Friday, May 23, 2014

The Accidental Socialite- a QK success story

This time last year, Stephanie Wahstrom was a Kontestant in Query Kombat. (See her entry Champagne and Hot Dogs here.) Now she has a two book deal and an agent! Her book, The Accidental Socialite, was recently released. I can't tell you how happy I am that Query Kombat had a small part in her success!

Quirky and clumsy twenty-two-year-old Paige Crawford arrives in London on a cold Saturday in January. Just when Paige starts to think that moving thousands of miles away from home with no real plan was a bad idea, Jason Frost appears. Confident and classy, Jason is the complete opposite of Paige and just what she needs in her life, or so she thinks. 

But before their romance has time to blossom, Paige trips and falls into the arms of a mysterious man on a drunken night out. She’s snapped by paparazzi, and newspaper headlines the next day suggest that she’s having an affair with a married footballer. 

Paige finds herself instantly elevated to tabloid celebrity status which isn’t exactly a picnic, particularly when trying to juggle her new job at Fashionista magazine, a catalog of dating disasters and a nagging doubt that she maybe she can’t conquer London after all. 

When a trip back to Canada for Christmas reminds Paige why she left her old life behind, she returns to London with renewed vigor realizing that while jobs, flats and men may come and go, friends in London are forever.

My Journey:

When I started writing my book almost 3 years ago, I never thought I'd see it in print.  Writing a book is one of the hardest things I've ever done, especially when you are still starting out because there isn't a publisher there to say, hey we loved the first book so much, here is more money and a deadline to write the second. There is no motivation to keep doing it and sooo much motivation to quit. So for me, anyone who has written 80k ish words in a row that mostly make sense is a hero and a success because I know how hard that is. Snap cups all around.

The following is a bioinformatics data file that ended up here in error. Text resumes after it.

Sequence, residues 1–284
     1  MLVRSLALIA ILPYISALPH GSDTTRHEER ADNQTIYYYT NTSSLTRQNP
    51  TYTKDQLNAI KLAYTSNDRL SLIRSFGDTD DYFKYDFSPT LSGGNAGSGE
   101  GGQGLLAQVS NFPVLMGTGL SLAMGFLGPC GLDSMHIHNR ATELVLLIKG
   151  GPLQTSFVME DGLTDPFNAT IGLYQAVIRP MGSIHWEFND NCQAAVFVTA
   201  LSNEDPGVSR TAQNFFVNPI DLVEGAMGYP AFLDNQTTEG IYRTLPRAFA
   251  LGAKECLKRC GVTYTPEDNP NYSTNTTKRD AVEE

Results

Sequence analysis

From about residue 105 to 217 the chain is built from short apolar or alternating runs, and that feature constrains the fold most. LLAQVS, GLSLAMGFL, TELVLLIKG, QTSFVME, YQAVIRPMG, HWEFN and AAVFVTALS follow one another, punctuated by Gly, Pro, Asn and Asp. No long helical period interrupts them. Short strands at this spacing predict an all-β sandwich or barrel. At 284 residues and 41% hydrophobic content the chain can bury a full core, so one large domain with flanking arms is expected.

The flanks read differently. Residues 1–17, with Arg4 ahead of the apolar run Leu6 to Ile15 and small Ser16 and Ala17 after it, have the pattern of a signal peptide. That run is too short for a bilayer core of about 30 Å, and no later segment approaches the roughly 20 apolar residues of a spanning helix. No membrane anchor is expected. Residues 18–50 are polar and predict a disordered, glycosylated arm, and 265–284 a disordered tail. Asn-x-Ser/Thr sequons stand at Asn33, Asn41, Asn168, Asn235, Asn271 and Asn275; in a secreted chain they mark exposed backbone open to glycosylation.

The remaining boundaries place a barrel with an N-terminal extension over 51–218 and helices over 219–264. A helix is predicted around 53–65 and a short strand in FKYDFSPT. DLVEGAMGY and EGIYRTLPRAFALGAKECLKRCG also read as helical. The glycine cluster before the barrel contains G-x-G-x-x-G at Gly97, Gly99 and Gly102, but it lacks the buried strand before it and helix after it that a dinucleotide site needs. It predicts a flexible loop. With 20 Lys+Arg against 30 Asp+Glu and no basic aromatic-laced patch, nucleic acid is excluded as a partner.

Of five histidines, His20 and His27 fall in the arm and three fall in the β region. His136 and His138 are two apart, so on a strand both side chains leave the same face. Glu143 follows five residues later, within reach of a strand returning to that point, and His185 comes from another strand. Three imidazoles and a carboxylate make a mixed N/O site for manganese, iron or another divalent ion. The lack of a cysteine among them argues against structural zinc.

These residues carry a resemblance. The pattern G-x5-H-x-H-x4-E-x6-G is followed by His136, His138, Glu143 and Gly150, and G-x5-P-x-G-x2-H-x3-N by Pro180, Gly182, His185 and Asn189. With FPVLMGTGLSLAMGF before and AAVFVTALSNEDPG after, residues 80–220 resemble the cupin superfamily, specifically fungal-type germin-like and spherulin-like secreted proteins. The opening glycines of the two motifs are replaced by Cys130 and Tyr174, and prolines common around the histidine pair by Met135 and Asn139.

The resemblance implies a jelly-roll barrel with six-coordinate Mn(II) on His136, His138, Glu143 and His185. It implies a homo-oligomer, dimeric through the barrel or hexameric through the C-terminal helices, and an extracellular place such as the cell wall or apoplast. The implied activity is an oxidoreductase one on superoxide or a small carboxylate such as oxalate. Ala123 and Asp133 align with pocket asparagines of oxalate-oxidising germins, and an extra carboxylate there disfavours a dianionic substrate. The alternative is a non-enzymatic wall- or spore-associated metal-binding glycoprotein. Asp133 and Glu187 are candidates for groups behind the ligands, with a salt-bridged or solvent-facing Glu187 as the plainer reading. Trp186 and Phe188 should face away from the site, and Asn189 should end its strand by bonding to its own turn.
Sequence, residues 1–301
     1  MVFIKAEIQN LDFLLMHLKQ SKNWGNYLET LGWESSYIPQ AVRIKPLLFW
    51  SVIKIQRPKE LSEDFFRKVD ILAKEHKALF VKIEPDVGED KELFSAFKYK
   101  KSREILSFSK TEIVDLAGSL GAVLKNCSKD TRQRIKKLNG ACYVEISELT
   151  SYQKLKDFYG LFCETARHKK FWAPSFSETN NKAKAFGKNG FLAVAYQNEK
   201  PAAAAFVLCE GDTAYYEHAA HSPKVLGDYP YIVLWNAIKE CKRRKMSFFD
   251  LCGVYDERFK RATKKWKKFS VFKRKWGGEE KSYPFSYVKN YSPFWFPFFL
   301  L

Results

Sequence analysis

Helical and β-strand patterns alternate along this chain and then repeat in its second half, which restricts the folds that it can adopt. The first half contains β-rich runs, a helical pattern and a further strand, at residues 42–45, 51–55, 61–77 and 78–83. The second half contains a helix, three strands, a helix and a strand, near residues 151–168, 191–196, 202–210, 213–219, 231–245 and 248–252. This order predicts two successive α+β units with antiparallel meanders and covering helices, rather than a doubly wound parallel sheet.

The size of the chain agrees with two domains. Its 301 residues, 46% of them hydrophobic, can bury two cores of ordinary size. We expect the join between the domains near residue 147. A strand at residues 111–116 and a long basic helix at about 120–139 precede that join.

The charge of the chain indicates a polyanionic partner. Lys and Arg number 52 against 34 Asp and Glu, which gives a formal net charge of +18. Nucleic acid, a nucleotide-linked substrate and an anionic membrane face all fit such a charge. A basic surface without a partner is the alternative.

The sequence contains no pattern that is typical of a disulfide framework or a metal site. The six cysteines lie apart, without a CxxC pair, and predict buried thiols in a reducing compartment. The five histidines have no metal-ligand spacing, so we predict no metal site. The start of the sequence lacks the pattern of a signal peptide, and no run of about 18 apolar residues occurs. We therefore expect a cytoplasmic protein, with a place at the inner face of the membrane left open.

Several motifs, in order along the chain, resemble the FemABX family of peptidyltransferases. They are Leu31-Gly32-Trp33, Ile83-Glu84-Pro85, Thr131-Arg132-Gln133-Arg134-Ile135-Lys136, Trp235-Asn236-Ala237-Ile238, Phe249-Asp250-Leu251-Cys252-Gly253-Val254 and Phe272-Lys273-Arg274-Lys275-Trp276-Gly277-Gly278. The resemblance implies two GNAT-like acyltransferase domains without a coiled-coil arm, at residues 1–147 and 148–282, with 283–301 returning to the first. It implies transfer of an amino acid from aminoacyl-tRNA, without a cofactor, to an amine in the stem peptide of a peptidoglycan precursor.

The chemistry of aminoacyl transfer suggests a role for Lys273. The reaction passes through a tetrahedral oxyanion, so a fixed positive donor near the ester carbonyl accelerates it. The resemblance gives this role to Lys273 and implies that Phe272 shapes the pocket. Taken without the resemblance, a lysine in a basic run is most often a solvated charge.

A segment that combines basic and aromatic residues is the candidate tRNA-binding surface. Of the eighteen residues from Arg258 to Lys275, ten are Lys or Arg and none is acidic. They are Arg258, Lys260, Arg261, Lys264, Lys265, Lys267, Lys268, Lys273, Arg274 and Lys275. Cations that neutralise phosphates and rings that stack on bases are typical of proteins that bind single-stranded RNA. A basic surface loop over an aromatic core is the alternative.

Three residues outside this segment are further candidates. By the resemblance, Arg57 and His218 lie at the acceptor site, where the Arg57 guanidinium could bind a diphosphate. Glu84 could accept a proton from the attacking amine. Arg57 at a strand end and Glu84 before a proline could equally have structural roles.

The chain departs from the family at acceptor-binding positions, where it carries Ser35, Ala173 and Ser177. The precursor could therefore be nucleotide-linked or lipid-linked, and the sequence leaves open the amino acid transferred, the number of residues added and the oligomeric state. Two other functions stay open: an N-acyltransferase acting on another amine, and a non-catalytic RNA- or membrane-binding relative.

Once my book was 'finished' I started to query with no success because it really needed editing. I stopped querying, did an edit overhaul and then started querying again. But the whole thing felt overwhelming. I was scared they would all tell me what I was already telling myself in my head: this is a terrible book. 

So, I started entering competitions. I felt more comfortable with it because I didn't feel like I was bugging an agent or wasting their time. If they liked it, they could request it and they were there looking for books. 

Pitch Madness helped me find the heart of the story which then helped me get into Query Kombat. That's where the value of comments came in. The only people who had read the book up to that point were my friends and nobody would tell me anything but, Oh, I love it! I loved them too, but what I needed was real feedback and I got that in Query Kombat. My mentor helped me hone my first 250 words and the query letter (which really needed help). Another turning point was one particular comment that mentioned the character felt younger than 25, the age I made her because I stupidly read somewhere that books with characters between 18-25 didn't sell.  Spoiler alert, they do and are called New Adult.